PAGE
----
In mid-July Fidelity Investments' Magellan Fund sailed serenely past the $100 billion mark in assets.
As the largest existing mutual fund, Magellan is bigger than all stock mutual funds combined were in 1984 and bigger than the entire fund industry in 1979. Its assets are larger than the gross domestic product of Ireland and every state budget in the U.S.
But if the 36-year old Magellan and its parent are not heeding the late Satchel Paige's famous advice ("Don't never look back, something might be gaining on you.") they are having their serenity disturbed by an upstart from Malvern, PA.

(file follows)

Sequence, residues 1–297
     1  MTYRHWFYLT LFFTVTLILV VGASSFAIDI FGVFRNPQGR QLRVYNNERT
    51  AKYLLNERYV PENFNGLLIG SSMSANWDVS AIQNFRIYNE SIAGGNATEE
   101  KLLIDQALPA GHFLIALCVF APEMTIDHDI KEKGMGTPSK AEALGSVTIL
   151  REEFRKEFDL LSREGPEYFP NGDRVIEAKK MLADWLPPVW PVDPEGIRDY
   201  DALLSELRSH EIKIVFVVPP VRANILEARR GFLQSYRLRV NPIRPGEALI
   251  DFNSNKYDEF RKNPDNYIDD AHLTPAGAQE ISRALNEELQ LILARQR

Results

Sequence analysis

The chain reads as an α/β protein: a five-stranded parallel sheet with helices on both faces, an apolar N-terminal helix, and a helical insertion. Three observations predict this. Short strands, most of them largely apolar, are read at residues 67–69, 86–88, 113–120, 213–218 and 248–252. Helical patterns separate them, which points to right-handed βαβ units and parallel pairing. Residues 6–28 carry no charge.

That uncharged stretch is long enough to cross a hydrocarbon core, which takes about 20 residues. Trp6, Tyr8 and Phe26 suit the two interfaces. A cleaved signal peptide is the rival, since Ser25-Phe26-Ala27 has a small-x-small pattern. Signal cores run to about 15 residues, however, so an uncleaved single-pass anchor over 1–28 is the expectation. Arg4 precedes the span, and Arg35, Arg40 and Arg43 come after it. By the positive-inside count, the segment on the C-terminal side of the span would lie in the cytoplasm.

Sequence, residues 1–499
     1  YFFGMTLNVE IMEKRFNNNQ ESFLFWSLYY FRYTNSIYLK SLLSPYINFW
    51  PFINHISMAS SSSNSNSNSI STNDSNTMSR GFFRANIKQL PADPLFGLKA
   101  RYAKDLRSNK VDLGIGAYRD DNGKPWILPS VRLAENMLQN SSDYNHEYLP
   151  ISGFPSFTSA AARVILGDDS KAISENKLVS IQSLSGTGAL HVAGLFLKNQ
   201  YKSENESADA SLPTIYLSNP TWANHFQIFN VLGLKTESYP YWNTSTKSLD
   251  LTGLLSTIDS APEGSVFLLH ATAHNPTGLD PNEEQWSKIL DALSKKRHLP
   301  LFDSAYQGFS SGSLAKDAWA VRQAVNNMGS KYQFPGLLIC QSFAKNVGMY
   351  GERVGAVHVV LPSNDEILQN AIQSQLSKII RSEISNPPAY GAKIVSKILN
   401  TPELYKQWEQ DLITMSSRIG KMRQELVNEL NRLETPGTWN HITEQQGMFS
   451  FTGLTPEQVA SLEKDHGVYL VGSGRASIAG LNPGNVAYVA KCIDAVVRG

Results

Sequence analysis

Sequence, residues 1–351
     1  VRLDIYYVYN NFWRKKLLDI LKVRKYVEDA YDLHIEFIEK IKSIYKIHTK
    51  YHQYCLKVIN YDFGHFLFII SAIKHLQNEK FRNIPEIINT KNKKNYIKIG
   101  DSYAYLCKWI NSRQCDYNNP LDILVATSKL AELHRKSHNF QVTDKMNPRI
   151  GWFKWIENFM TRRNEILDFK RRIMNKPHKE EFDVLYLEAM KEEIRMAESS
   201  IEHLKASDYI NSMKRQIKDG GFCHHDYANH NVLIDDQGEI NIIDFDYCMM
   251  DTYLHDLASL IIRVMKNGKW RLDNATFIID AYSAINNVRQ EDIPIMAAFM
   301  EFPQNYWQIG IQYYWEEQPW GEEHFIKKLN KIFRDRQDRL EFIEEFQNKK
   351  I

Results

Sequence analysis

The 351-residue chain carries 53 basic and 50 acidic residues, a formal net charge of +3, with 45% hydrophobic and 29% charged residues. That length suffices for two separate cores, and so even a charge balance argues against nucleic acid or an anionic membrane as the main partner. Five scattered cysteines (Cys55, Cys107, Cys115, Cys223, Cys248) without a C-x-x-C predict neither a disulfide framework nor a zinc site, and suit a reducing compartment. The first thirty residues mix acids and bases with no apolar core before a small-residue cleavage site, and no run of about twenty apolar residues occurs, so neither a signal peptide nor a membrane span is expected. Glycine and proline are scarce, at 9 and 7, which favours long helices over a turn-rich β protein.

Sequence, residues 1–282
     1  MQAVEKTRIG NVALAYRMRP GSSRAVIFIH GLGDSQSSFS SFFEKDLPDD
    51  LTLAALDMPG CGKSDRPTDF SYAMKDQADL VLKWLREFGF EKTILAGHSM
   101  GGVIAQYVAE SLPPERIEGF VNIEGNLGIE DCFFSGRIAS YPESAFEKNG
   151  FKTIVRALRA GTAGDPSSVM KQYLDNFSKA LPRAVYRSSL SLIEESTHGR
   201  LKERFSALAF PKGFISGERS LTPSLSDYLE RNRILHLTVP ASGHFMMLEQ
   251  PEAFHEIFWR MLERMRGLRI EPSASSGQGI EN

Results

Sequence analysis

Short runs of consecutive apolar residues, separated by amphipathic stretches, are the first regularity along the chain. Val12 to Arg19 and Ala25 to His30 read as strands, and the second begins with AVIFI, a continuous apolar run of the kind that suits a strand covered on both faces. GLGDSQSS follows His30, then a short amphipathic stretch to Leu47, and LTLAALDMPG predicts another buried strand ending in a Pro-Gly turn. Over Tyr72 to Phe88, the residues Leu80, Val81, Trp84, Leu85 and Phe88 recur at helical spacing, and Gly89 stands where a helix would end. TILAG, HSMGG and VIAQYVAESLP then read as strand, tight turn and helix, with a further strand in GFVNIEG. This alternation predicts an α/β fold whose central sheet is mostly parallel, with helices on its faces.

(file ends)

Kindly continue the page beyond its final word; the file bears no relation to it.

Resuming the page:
The Vanguard 500 Index Fund is also nearing the $100 billion mark, with practically overwhelming cash inflows, spurred by the popularity of index funds in general and probably by Vanguard's bargain basement costs as well. In recent years, the S&P500's total returns have also significantly outpaced the Magellan's NAV, though the actively managed fund did beat the index in 1998. What's truly amazing, however, is the rapidity of the growth: At the beginning of 1997, the Vanguard 500 was about half the size of Magellan.
Some market analysts believe the Vanguard 500 will surpass Magellan by early 2000, while others say that the expected moment will occur before the end of this year.